When I came to VT, finding a Christian community was a top priority. Luckily, God led me straight through the doors of the BCM and He helped me feel at home. I quickly made deep friendships that made my sin difficult for me to ignore. There is beautiful and natural accountability in community! By Lent, God was directly commanding me to end my romantic relationship and to pursue His own heart. I was no longer lonely thanks to the many genuine friends I had made, and I no longer tried to fill a God-sized hole in my heart with a boy. I confessed my sins to three very close friends during a discipleship group one day in April of my freshman year, and soon after he and I broke up peacefully. I began the process of finding my self-worth in Christ, forgiving myself the way God had already forgiven me, and moving on. After reading a couple of books about dating I was resolute about not dating again until after college. I wanted to be the woman my future husband would want before I even met him. I had learned many lessons about giving my heart to the wrong guy. And God had better plans for me.
I met Jakob during my first few months at VT. We both participated in FTLT (Freshman Transfer Leadership Team) and family groups at BCM, lived in Lee Hall, and led a DNOW retreat in January of 2018 with three other BCMers. I was genuinely focused on my schoolwork, being a BCM leader, and my own walk with the Lord, so I didn’t think Jakob would ever be more than a friend. I had thoroughly convinced myself that I couldn’t see myself marrying him, so I didn’t want to entertain the idea of dating. People at BCM saw us and even people who didn’t know us well asked us if there was “something there.” I found this greatly annoying and it added to my resolve not to date him let alone like him. During March of our sophomore year, I was visiting a staff member (hey Katy!) when she asked me the same sort of questions. I told her the usual “I can’t see myself marrying him” to which Katy replied, “why not?” To my surprise I didn’t have an answer. I had made lists before of characteristics I wanted in a future husband. I went home and looked at them… Jakob met every single one!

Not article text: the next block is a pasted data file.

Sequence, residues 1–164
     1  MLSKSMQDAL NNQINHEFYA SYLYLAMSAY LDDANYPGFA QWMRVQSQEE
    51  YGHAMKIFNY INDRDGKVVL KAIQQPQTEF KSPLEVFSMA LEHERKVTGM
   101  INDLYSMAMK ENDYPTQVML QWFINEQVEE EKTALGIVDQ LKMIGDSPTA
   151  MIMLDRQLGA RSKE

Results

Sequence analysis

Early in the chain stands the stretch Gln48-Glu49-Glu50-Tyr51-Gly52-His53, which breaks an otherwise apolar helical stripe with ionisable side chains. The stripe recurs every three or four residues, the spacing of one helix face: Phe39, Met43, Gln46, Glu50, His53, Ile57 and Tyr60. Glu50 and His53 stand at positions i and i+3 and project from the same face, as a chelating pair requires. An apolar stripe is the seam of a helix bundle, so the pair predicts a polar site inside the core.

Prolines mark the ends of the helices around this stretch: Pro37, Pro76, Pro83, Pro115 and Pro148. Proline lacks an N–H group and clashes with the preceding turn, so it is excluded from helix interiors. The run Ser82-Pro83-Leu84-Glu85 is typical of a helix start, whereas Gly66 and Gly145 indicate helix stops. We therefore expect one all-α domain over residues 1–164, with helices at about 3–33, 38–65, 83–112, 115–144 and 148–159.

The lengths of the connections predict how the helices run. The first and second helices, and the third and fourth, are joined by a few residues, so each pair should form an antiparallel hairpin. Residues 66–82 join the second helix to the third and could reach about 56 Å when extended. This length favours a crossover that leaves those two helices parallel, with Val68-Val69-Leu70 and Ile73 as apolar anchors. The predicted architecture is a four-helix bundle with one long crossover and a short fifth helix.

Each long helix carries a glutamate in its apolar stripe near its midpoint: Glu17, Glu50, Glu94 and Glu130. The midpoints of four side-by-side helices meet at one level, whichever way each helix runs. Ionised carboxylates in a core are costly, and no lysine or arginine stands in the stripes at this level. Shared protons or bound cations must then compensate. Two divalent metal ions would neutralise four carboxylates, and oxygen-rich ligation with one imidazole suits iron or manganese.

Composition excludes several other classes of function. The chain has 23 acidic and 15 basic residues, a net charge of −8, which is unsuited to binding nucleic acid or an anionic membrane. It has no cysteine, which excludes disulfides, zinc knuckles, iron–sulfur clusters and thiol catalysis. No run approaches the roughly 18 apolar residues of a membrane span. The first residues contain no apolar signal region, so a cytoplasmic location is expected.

By early April I had told him, “I can’t not see myself marrying you” and less than a month later we admitted our feelings for each other. We were often on the same page, and our first reactions were to talk to BCM staff members Scott and Chelsea Anderson about it. We each had separate conversations with our mentors and decided that over the summer we would both read a book by Ben Stuart entitled “Single Dating Engaged Married” and pray about what God was calling us to do. We agreed that as soon as we got back to Blacksburg, we would have a conversation about the book and our feelings. As I read the book, I was still coming up with reasons not to date Jakob. I liked being single, dating him would hold me back from my career, he would distract me from Jesus, I didn’t want people to think I dated around… But as I prayed all the worries and fears I had melted away one by one. I had conversations with Chelsea and other close friends who all encouraged me to listen to what God was telling me. Again, there is so much value in community!